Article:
Disabled Capitalists: Exploring the Intersections of Disability and Identity Formation in the World of Work

Dustin Galer

Abstract


Many people with disabilities share the mainstream ethos that participation in the competitive workforce constitutes a primary feature of their identity. While unpaid work may fulfill the desire to be productive and provide a sense of purpose and contribution, the cultural imperative to achieve personal autonomy partly through material independence situates paid employment at the centre of personal identity formation. While disability activists struggle to carve out an empowered collective identity instilled with rights-based protections, many people with disabilities identify with the liberal individualism upon which participation in the capitalist labour market is largely based. Individuals with disabilities seek not simply to shrug off an identity defined by burden, but to claim an identity marked by self-fulfillment. Within the world of paid work, then, tension and compatibility co-exist regarding the nature and value of identity development for people with disabilities.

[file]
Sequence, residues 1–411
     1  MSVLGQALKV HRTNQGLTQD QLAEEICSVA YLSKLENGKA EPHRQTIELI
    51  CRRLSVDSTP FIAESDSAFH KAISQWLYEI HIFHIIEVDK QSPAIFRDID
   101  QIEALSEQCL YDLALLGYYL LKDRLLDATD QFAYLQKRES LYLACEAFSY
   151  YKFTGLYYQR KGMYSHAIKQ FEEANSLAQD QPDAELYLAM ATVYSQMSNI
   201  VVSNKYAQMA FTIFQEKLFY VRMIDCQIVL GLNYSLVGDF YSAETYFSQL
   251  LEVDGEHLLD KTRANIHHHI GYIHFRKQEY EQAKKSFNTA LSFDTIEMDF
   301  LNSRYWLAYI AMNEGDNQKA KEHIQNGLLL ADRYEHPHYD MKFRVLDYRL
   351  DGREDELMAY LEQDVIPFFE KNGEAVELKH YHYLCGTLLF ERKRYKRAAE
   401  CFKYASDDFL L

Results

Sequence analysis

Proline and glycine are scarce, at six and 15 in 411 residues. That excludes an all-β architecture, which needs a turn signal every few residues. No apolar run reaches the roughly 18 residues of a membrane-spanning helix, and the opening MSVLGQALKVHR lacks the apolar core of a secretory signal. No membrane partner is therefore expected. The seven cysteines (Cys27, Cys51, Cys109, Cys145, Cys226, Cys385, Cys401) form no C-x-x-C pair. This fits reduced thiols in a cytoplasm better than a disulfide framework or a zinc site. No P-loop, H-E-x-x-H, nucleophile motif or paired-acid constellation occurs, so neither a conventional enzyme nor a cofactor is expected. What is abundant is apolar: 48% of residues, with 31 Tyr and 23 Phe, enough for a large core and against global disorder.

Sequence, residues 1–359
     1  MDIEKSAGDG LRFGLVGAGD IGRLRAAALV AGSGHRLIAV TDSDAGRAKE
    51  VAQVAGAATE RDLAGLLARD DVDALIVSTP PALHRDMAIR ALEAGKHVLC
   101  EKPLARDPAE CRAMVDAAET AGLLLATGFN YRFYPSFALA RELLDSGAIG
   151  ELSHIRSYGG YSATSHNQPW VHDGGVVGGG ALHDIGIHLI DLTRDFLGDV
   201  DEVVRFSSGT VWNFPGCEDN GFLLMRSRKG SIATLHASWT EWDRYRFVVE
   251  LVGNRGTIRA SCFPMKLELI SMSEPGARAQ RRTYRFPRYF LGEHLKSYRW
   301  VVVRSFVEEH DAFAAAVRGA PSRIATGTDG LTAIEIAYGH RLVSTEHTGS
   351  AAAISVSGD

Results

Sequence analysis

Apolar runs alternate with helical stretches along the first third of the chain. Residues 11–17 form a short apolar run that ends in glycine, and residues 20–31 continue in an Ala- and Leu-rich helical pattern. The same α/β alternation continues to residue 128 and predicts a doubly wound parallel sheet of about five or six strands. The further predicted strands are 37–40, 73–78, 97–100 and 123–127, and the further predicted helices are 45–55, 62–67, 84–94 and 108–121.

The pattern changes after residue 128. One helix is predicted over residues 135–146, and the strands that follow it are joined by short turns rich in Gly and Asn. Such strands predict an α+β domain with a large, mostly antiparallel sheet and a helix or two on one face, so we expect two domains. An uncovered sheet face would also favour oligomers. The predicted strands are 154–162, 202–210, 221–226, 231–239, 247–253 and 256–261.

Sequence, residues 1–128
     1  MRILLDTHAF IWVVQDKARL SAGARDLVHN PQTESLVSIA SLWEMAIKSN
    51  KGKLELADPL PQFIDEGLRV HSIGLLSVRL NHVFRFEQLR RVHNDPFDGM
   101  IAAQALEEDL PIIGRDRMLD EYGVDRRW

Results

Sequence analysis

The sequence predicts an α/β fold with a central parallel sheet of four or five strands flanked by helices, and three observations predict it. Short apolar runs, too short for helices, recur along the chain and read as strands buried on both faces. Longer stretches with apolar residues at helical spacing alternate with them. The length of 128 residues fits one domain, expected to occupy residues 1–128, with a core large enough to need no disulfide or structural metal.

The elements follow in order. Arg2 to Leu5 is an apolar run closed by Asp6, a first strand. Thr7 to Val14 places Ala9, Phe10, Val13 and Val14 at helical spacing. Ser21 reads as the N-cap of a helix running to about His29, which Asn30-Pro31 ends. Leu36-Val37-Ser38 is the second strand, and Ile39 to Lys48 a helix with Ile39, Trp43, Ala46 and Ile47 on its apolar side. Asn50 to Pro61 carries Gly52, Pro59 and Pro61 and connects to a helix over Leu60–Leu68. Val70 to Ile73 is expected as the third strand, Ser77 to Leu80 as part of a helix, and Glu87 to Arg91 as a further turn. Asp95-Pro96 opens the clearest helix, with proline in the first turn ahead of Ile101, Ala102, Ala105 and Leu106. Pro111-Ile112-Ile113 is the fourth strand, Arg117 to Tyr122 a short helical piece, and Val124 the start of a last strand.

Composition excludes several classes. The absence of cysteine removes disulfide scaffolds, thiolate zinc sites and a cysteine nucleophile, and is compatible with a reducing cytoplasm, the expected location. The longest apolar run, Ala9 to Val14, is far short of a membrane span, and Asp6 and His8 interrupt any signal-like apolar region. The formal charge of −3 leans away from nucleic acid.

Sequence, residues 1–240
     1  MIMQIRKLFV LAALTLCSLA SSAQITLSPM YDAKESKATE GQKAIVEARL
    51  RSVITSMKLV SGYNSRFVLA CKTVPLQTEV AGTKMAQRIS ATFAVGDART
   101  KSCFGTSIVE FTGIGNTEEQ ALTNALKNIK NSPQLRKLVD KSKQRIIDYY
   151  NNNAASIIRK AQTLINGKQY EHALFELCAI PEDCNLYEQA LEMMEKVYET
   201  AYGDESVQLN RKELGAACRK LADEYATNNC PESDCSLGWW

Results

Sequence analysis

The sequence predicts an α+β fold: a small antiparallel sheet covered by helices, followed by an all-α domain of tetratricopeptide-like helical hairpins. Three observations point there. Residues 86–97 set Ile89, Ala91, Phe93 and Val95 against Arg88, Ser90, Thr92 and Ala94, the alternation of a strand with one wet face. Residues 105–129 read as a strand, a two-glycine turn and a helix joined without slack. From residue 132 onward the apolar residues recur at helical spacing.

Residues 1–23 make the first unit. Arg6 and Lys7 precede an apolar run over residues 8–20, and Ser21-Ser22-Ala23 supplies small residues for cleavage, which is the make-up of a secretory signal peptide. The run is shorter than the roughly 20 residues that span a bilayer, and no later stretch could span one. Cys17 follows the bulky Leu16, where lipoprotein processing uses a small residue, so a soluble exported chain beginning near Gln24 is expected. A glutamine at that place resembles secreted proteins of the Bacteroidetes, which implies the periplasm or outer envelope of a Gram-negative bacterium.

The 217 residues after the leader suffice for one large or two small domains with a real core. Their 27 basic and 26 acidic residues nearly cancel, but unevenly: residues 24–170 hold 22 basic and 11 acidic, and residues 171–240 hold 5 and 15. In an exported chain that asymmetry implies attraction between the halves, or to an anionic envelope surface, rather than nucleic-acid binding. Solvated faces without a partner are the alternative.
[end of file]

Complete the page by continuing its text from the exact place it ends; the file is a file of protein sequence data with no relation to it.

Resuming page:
Keywords: disability, work, employment, identity, identity politics, disability activism


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DOI: http://dx.doi.org/10.18061/dsq.v32i3.3277

Copyright (c) 2012 Dustin Galer



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ISSN: 2159-8371